Interview with actor Giles Terera

It has been a while since I last published an interview so I decided it was time to get in touch with some politically active actors.

I was delighted to receive a reply from Giles Terera, who will be playing the role of Aaron Burr in the West End run of Hamilton later this year. I decided to ask him some questions about raising money for the Grenfell Tower victims in an event called ‘Songs and Solidarity,’ as well as his decision to endorse the Labour Party in June.

What persuaded you to organise ‘Songs and Solidarity’?

“Like so many other people I saw these images of horror on the screen and my immediate response was What can I do to help? I didn’t need any persuading. I had been canvassing not too far from that area in the weeks previous, I had been up in many towers and so it was painfully easy to envisage. The community itself has always been a diverse, close and creative one, this can be said of the theatre community so it struck me that the most effective way for me to contribute was through performance/art.”

Why did you decide to endorse Jeremy Corbyn and Labour in the recent election?

“I decided to endorse Labour, not Jeremy, as it’s the party I believe we should vote for. The party under Jeremy Corbyn i think is truer not only to its founding principles but truer to the majority of working people in this country. More than ever we need leadership in this country (and throughout the world) that is committed to all people in our societies not just the privileged few.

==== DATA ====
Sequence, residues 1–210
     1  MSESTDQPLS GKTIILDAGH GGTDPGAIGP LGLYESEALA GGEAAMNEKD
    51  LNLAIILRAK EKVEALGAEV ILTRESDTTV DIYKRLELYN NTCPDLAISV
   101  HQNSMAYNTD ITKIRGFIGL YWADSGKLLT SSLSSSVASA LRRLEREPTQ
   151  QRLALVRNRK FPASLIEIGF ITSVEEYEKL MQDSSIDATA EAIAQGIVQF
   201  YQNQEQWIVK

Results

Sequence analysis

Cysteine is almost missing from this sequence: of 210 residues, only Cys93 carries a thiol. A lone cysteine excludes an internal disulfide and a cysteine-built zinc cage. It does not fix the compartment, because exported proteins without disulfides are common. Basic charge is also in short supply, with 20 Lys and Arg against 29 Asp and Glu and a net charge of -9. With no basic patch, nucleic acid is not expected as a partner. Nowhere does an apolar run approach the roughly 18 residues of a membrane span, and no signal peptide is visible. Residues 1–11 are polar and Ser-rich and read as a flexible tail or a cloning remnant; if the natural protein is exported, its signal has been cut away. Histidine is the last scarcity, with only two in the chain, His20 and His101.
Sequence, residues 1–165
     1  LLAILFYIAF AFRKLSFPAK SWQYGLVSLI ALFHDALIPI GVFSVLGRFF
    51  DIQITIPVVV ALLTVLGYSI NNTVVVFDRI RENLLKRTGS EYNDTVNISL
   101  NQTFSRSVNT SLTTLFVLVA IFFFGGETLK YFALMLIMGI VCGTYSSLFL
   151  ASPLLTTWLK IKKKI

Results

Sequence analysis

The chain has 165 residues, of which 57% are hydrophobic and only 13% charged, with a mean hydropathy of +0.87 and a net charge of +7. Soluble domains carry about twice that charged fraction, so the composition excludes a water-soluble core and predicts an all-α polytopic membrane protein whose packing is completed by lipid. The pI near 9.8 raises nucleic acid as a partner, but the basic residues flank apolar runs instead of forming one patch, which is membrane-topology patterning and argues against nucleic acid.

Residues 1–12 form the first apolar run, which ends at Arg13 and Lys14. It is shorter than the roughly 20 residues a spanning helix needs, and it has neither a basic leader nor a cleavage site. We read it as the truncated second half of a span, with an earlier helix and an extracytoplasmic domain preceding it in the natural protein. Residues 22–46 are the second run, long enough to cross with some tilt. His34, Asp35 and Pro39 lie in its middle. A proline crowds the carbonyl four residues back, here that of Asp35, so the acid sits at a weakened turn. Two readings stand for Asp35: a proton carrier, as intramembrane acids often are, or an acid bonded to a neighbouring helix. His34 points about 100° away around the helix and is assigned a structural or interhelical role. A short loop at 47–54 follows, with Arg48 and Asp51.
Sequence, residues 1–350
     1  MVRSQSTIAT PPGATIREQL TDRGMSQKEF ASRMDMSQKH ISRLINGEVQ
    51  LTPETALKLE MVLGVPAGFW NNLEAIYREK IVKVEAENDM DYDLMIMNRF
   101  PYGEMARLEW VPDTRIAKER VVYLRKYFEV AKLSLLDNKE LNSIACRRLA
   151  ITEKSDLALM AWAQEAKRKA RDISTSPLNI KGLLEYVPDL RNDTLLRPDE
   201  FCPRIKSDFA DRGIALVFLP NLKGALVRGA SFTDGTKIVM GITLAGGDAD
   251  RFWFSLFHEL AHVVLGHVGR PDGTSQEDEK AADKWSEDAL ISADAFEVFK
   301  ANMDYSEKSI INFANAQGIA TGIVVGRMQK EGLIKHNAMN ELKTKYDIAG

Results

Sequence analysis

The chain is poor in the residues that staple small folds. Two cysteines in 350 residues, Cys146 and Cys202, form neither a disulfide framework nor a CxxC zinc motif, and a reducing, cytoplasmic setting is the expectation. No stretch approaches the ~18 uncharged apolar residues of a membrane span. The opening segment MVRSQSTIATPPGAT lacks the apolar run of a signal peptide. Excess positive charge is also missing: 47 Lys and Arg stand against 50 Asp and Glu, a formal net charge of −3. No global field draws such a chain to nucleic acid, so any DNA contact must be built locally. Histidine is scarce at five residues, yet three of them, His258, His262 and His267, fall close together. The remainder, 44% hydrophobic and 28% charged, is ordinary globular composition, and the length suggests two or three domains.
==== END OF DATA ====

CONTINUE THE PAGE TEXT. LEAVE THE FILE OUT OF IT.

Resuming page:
“I must say it certainly was Jeremy Corbyn’s leadership which reignited my passion for the Labour movement. Seeing how many young people, like yourself seemed to connect and respond to what Corbyn believes in has been very inspiring and encouraging. Like many people i was excited by the New Labour idea, in fact the ’97 election was the first I could vote in. But what it turned out to be, especially with regards it’s foreign policy, is still something that disgusts me. So during that time I moved away from the party. I can say that Corbyns leadership and his commitment to young people and working people has inspired me not only to come back to the party but to be more actively politically involved.”

corbyn rally

What’s your opinion on how Theresa May has formed a coalition with the DUP?

“The conservative survival instinct would mean that they would get into bed with whoever could ensure them power regardless of the hypocrisy or moral bankruptcy involved, with that in mind Theresa May’s and the Conservatives actions are heinous, though not surprising. Needless to say, they care less about working Irish people than they do about working English people.”

Are you excited to perform in Hamilton on the West End?

“I am very excited to perform in Hamilton.”

What persuaded you to take the role of Aaron Burr?

“There was no persuading necessary to take the role of Aaron Burr. It’s the greatest and most complete piece of theatre I’ve ever seen.”



Anti-Gay Marriage, Anti-Abortion: PM Rees Mogg would be a disaster

It might be a cliché for a left-wing blogger to rant about every MP linked with the possibility of becoming the next Tory leader, but I am seriously convinced that as bad as I believe Theresa May to be, Jacob Rees-Mogg would be on another level. And that’s not just because he was hilariously made a fool of by Sacha Baron Cohen’s Ali G character in 1999 (which you can watch here:, but because he has many controversial stances on progressive issues that we should celebrate in a society as liberal and tolerant as the United Kingdom.


Rees Mogg only became an MP in 2010, compared to Theresa May who had been an MP for almost 20 years before becoming Prime Minister last year. However, David Cameron had only been an MP for 9 years before becoming PM (and for only 4 before becoming the leader of the Conservatives) so it’s not unusual for an MP to gain such a high position so quickly anymore.